Hooke's law is a mathematical consequence of the fact that the potential energy of the rod is a minimum when it has its relaxed length. Any smooth function of one variable approximates a quadratic function when examined near enough to its minimum point as can be seen by examining the Taylor series. Therefore, the force – which is the derivative of energy with respect to displacement – approximates a linear function.

Force of fully compressed spring

where

E – Young's modulus
d – spring wire diameter
L – free length of spring
n – number of active windings
Poisson ratio
D – spring outer diameter

Zero-length springs

Simplified LaCoste suspension using a zero-length spring LaCoste suspension seismometer principle.svg
Simplified LaCoste suspension using a zero-length spring
Spring length L vs force F graph of ordinary (+), zero-length (0) and negative-length (-) springs with the same minimum length L0 and spring constant Zero length spring graph.svg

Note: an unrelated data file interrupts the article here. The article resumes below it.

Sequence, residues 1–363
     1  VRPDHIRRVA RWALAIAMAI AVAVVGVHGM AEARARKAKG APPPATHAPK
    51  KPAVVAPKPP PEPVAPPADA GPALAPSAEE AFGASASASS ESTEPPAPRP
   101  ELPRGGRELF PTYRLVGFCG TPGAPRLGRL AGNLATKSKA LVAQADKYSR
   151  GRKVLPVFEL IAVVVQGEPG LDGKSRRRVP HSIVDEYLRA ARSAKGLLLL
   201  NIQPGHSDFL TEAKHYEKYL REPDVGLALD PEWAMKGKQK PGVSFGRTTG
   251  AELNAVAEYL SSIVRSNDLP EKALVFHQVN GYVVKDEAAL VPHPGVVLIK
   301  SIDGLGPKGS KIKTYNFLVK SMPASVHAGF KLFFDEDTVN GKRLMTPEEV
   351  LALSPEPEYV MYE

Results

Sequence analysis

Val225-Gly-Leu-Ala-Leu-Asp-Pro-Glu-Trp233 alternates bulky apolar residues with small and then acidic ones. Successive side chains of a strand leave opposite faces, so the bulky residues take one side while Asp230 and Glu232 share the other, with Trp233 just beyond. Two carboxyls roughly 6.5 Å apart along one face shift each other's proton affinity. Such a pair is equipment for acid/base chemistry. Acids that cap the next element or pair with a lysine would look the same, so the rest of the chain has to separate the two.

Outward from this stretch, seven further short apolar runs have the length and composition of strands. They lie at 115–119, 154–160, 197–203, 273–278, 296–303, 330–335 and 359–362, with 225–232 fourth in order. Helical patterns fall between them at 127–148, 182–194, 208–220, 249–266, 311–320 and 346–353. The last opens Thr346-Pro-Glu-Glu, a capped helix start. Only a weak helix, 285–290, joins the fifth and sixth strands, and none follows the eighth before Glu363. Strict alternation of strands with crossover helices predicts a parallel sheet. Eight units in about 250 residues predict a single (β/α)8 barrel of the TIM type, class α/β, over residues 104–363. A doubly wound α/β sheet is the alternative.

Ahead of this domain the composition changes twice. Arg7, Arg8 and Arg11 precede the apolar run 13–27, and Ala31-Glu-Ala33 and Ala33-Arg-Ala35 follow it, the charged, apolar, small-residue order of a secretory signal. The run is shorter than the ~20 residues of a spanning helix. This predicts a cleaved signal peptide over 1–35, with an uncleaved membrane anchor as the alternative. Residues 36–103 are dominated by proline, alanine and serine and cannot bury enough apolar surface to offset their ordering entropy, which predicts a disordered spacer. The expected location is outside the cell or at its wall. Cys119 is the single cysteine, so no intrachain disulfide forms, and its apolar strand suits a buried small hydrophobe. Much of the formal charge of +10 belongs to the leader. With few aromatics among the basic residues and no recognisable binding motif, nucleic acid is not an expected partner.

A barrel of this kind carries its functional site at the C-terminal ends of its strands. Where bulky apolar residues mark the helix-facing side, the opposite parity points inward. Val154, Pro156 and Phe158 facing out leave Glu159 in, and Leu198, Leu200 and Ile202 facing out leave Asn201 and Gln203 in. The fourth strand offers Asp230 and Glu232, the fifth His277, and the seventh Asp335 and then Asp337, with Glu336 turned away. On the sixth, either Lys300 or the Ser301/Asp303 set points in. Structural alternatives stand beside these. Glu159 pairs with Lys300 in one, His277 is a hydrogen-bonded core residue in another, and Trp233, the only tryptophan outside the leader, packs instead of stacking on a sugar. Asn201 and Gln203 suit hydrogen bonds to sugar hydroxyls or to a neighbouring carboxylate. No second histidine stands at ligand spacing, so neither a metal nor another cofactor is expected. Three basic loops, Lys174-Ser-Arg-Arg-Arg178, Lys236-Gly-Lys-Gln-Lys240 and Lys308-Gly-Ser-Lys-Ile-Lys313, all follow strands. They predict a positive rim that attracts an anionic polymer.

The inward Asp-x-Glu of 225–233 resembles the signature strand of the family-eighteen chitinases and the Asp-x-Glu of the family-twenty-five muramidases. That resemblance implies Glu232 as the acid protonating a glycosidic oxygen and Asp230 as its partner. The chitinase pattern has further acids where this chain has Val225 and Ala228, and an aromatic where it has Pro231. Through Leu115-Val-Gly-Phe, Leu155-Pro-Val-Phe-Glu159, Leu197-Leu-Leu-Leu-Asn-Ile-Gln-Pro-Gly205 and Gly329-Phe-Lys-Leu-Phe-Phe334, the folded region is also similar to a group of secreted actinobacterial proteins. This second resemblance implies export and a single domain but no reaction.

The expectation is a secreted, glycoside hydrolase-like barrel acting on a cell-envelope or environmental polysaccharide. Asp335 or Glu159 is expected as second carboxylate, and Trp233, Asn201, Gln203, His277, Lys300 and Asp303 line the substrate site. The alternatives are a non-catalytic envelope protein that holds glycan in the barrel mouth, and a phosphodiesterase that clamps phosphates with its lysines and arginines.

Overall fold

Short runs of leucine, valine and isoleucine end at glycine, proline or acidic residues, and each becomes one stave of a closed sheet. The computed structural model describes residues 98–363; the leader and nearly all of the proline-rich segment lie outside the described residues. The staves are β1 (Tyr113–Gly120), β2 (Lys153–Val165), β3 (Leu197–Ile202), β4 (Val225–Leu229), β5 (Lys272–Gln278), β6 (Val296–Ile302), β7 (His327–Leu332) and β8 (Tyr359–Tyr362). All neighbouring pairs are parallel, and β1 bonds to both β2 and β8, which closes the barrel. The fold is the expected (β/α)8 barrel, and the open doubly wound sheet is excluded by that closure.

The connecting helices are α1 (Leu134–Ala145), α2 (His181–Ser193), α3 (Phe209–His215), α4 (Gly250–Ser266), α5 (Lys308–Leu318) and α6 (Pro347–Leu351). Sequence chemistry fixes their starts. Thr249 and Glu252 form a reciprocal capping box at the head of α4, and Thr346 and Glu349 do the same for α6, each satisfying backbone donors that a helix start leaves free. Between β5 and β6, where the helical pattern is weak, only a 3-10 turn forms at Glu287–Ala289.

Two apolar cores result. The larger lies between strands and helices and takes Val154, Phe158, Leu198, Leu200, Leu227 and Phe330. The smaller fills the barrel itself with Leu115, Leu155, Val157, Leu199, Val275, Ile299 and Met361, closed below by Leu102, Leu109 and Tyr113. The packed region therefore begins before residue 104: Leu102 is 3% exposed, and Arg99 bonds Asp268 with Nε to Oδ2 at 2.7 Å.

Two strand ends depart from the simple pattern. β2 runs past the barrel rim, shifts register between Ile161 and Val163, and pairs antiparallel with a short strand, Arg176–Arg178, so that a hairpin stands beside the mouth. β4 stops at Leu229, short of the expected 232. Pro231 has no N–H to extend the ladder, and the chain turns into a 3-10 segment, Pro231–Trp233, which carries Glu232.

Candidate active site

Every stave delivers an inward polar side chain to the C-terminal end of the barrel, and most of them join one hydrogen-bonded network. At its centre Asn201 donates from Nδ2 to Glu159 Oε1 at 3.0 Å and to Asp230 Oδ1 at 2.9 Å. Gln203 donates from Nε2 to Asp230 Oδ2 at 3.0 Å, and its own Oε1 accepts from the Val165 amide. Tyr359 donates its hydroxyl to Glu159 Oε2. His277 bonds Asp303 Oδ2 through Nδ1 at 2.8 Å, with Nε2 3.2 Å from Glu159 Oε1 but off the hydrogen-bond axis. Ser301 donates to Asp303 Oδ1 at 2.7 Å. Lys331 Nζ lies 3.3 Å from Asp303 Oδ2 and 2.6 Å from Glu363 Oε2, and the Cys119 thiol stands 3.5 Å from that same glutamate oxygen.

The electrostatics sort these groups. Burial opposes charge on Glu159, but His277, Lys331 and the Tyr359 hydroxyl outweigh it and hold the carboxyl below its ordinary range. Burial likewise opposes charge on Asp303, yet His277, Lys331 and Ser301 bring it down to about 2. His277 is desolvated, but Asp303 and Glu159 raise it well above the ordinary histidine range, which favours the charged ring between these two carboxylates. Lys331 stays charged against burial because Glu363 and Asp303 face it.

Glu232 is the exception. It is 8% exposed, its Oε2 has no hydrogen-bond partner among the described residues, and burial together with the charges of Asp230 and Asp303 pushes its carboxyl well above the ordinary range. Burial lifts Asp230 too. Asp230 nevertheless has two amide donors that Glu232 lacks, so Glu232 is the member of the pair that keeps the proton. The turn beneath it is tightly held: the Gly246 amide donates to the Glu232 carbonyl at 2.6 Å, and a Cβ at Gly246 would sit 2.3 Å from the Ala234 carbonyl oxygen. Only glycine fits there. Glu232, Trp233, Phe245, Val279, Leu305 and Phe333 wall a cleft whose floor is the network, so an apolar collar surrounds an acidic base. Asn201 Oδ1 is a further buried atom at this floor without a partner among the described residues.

Spring length L vs force F graph of ordinary (+), zero-length (0) and negative-length (−) springs with the same minimum length L0 and spring constant

"Zero-length spring" is a term for a specially designed coil spring that would exert zero force if it had zero length; if there were no constraint due to the finite wire diameter of such a helical spring, it would have zero length in the unstretched condition. That is, in a line graph of the spring's force versus its length, the line passes through the origin. Obviously a coil spring cannot contract to zero length, because at some point the coils touch each other and the spring can't shorten any more.